08/06/2016 - 15:27

Review finds questionable mine studies

08/06/2016 - 15:27


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Review finds questionable mine studies
Stavely Minerals managing director Chris Cairns. Photo: Attila Csaszar

The majority of scoping studies presented by exploration companies to the ASX are of questionable quality, a new analysis has found, as industry players debate potential solutions to the controversy over disclosure standards.

The Association of Mining and Exploration Companies annual conference was told today that 83 per cent of scoping studies presented to the ASX over the past year were of poor quality.

Despite this, Stavely Minerals managing director Chris Cairns said good quality scoping studies should still be released to the market.

Mr Cairns also told the conference the Australian Securities and Investment Commission appeared to have misunderstood industry practice when it released new disclosure guidelines in April.

He added that ASIC’s contentious information sheet 214 may be able to stand, provided several related matters were changed.

The ASIC information sheet has resulted in the ASX tightening its disclosure standards.

The result is that several listed companies, including Regal Resources and Dome Gold Mines, have retracted statements they have previously made to the ASX about planned mining projects.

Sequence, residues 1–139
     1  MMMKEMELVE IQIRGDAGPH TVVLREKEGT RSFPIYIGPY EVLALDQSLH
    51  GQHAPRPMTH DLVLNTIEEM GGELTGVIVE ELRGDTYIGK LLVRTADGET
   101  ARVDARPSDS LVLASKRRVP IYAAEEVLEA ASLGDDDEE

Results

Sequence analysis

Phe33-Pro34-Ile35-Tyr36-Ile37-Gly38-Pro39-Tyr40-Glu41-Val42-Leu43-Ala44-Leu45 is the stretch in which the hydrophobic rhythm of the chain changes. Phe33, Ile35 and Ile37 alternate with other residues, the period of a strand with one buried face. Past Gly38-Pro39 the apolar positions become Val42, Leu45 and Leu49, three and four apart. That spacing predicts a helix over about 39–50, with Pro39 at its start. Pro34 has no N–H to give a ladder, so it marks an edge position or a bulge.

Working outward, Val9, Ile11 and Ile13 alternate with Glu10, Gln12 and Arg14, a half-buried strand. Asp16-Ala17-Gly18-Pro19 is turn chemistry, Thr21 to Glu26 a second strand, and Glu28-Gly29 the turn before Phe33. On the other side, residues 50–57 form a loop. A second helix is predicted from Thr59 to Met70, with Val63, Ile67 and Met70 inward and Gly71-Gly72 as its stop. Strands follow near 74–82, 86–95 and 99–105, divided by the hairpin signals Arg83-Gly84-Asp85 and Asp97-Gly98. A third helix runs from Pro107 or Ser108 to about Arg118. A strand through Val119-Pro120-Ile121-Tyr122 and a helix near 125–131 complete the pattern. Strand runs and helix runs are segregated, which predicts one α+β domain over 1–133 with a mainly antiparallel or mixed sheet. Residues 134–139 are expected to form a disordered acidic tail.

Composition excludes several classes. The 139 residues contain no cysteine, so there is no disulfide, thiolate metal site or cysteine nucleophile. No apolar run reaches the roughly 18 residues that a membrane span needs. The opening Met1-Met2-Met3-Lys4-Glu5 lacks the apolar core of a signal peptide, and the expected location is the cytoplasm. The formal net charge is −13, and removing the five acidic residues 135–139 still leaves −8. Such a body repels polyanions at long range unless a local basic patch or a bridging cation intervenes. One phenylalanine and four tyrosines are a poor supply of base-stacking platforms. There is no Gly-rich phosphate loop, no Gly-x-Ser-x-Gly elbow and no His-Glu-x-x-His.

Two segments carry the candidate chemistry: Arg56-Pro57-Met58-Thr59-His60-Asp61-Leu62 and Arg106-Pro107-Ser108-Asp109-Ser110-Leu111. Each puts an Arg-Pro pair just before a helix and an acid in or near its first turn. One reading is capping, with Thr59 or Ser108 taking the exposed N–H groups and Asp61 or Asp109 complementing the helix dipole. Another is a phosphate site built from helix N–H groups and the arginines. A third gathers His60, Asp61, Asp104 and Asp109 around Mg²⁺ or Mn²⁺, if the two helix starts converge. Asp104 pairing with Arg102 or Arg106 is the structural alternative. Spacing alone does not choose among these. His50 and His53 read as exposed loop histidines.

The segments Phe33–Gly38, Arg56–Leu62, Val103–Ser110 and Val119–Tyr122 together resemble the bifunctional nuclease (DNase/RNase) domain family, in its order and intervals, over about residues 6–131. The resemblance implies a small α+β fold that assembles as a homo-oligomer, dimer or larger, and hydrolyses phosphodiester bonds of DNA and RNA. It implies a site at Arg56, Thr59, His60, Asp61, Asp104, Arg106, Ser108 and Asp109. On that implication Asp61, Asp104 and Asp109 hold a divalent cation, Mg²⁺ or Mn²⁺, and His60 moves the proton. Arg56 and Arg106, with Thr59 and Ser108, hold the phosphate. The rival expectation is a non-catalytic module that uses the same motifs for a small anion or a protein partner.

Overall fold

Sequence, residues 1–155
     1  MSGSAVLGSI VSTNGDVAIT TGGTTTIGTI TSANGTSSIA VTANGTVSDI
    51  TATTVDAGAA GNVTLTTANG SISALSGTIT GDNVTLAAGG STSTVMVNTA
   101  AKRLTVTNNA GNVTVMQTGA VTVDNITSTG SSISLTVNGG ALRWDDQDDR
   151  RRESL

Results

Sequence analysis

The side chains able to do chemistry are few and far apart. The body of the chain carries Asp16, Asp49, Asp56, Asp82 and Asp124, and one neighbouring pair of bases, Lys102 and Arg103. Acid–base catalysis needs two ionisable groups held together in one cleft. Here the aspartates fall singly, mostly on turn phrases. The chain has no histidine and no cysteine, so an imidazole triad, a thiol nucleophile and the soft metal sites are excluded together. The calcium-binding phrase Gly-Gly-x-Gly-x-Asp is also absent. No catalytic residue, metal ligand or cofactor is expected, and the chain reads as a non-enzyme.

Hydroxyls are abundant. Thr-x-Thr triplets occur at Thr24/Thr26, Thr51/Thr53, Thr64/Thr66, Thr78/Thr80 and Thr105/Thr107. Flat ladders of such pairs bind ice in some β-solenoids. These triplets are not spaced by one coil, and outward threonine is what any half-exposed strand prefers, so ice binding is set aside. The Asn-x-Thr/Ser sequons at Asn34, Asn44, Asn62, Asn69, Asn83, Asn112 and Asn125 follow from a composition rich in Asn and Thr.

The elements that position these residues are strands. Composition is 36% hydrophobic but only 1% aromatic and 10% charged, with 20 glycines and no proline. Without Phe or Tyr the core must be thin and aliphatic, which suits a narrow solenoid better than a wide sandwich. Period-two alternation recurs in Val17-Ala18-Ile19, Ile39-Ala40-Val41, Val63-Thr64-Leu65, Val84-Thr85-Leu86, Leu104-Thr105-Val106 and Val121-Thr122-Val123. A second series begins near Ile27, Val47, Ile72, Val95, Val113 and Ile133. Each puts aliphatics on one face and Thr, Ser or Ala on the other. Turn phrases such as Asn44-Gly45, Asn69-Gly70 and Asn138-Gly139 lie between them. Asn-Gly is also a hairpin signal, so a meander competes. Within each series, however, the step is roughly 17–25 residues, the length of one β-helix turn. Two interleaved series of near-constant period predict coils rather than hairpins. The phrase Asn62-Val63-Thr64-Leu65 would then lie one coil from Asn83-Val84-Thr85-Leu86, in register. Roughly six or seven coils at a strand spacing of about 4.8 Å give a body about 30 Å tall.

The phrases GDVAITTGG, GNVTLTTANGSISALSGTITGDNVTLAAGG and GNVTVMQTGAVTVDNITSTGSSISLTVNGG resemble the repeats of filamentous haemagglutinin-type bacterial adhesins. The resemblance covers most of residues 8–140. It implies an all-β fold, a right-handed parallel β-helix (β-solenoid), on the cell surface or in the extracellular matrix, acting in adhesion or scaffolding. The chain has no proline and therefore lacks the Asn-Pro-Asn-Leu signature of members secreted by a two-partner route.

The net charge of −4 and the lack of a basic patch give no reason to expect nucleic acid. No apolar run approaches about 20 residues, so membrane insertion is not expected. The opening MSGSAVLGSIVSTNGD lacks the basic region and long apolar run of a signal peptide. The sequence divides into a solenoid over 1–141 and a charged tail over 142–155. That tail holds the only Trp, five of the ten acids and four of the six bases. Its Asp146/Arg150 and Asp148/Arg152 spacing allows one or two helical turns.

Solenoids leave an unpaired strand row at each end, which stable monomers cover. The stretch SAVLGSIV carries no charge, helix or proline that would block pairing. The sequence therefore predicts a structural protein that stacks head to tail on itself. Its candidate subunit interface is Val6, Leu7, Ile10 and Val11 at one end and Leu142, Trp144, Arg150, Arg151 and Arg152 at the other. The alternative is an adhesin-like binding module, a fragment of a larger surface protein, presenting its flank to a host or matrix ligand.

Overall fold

Other companies, including Energia Minerals and Adelaide Resources, have completed scoping studies but not been able to release the results.

The results of a review undertaken by geoscientist Jacqui Coombes of Coombes Capability were presented today at the AMEC conference.

Dr Coombes assessed 52 scoping studies released to the ASX over 15 months to the end of May.

Around 65 per cent misused or failed to use JORC Code terminology, and half presented information without cautionary language.

More than a third presented financial and technical information without properly disclosing a reasonable basis for the information.

Dr Coombes concluded the industry’s approach fell short of regulatory requirements and increased regulatory intervention was warranted.

ASIC’s information sheet 214 constitutes a substantial tightening of regulation but Mr Cairns believes the corporate regulator has crucially misunderstood the meaning of ‘economic factor’ in the JORC Code.

The economic factor is described in the JORC Code as the inputs to the economic analysis to produce the net present value in a scoping study.

“ASIC appears to have misinterpreted the meaning of the ‘economic’ modifying factor by requiring a company to demonstrate finance is/will be available to a project at the stage of an ‘order of magnitude’ study,” Mr Cairns said.

He believes part of the problem is that consultation by ASIC was flawed, and noted that ASIC has agreed to a renewed two-stage consultation process.

While some in the industry want to scrap information sheet 214 and start afresh, Mr Cairns said it may be able to stand if the ASX issues a guidance note clarifying that scoping studies need to fully report on the ‘modifying factors’ listed in the JORC Code.

He said full disclosure should constitute reasonable grounds for releasing production targets and financial outcomes.


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